About 600 workers will lose their jobs at the century-old shirtmaker TM Lewin, after the high street stalwart went into administration this afternoon.
The company is to close all 66 of its physical stores, and will only continue trading online, after a company hired to restructure the menswear company decided its high street offering was beyond saving.
It comes seven weeks after the 122-year-old retailer was bought by Stonebridge Private Equity through its subsidiary Torque Brands.
The new owner said on Tuesday that the entire retail sector faced a “very real threat”.
“The Torque team has worked to assess all available avenues for the business model going forwards, but having done so, has formed the view that TM Lewin is no longer a viable going concern in its current format,” it said.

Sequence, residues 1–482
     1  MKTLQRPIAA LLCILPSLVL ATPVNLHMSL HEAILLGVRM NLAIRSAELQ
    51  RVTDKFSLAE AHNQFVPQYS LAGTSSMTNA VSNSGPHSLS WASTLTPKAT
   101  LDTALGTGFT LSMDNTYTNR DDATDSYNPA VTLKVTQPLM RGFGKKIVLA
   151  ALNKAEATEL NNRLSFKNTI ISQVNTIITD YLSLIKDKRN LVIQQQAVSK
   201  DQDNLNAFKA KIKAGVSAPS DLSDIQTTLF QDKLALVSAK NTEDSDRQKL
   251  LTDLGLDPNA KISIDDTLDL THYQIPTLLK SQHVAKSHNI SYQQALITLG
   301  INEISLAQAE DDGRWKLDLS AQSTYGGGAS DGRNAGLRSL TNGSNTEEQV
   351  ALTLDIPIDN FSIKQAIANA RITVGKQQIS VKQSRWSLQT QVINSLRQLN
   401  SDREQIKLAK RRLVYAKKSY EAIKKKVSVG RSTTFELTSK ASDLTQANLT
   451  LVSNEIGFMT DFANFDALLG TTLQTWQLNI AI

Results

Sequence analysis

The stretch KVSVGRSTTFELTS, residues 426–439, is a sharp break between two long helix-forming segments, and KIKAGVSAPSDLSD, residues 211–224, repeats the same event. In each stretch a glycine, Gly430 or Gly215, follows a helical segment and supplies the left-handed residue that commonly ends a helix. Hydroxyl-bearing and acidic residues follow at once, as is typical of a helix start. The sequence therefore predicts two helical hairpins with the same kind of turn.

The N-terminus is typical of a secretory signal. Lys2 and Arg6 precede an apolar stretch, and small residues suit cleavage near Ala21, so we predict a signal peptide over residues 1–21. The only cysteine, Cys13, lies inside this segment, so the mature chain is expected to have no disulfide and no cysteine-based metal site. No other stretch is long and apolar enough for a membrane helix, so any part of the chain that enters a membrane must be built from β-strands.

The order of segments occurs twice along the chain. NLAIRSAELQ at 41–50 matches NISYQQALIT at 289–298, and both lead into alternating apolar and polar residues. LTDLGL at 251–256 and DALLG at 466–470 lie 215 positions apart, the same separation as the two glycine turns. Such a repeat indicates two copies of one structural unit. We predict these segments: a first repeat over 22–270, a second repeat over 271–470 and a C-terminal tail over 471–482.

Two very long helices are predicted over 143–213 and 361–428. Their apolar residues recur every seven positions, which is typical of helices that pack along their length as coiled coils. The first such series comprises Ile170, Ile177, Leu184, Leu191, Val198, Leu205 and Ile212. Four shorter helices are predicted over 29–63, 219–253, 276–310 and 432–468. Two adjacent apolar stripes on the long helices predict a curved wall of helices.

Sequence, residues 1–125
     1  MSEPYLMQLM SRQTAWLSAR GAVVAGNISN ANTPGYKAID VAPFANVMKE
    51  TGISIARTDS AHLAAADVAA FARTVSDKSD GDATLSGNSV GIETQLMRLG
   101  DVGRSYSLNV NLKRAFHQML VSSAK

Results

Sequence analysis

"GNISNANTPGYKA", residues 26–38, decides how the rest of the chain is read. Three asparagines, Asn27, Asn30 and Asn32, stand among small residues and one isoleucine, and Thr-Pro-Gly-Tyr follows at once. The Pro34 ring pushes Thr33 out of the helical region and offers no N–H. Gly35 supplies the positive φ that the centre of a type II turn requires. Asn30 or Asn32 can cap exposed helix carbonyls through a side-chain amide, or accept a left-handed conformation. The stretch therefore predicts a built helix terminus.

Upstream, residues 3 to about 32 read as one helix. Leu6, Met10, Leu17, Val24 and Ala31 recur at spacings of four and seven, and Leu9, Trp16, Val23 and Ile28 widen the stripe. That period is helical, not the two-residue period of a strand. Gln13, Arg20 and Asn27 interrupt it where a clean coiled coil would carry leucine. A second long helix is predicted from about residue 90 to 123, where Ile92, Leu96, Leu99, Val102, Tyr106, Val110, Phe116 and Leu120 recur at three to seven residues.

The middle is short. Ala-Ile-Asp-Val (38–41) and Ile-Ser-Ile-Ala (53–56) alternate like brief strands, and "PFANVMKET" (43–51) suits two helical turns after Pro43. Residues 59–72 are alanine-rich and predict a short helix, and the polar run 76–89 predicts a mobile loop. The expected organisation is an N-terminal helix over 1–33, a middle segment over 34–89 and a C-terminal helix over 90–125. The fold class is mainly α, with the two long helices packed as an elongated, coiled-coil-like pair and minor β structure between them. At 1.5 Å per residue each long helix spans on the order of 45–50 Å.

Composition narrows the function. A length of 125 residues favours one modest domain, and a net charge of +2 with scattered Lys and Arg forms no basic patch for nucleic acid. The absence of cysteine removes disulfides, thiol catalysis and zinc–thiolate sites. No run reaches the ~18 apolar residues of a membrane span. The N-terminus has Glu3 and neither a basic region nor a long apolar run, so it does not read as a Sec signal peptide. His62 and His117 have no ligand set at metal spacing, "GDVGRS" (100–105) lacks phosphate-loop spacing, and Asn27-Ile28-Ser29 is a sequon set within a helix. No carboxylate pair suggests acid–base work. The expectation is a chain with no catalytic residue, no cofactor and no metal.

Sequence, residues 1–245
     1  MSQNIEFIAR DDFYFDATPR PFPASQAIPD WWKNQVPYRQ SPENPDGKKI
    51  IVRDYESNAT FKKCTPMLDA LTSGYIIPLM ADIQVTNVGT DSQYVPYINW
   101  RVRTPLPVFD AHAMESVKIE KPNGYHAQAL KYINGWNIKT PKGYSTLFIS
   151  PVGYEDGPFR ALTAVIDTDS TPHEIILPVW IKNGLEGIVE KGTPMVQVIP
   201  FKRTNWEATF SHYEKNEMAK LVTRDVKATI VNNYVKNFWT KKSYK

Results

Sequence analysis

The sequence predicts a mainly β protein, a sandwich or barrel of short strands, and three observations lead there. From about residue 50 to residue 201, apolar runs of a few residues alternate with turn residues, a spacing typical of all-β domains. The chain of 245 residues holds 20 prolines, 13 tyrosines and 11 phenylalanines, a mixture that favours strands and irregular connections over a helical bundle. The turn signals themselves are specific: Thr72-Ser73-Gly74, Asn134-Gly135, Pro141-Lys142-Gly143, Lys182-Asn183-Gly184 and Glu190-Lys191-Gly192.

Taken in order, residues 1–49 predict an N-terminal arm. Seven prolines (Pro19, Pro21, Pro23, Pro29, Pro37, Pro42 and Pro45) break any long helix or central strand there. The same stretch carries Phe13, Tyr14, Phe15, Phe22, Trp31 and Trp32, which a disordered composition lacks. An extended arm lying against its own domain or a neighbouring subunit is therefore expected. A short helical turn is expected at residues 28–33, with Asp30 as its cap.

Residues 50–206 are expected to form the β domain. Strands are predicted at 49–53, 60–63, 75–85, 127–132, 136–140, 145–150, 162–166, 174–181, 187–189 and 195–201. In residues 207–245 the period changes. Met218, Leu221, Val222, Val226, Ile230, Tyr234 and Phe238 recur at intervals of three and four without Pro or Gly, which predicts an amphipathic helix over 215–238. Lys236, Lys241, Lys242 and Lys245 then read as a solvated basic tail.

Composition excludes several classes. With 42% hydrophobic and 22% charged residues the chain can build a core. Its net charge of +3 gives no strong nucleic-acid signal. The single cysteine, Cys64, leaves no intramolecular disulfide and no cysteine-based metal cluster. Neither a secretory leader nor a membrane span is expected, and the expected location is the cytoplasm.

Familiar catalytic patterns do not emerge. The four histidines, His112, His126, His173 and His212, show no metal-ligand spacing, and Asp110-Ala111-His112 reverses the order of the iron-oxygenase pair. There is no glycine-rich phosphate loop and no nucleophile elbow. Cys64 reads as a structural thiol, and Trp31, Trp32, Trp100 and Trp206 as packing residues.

It added: “The decision to significantly reduce the scale of the business in order to preserve its future will regrettably result in job losses at TM Lewin, as a direct result of the closing of the store network as we right-size the business.”
TM Lewin is the latest retailer forced to make sweeping job cuts, after shoe seller Clarks said it would cut 700 jobs, Mulberry around 500, while Oasis and Warehouse employed 1,800 people when it entered administration.
Companies have struggled with an abrupt shift to online-only models after they were forced to close all of their physical stores amid the coronavirus lockdown in March.
Earlier this month, those rules were eased, allowing so-called non-essential retailers such as clothing outlets to reopen with social distancing measures in place.
“There has been prolonged and significant headwinds against retail businesses, inherent in their models, which have been starkly magnified over the last weeks, a dynamic which is posing a very real threat to the entire sector’s future,” they said.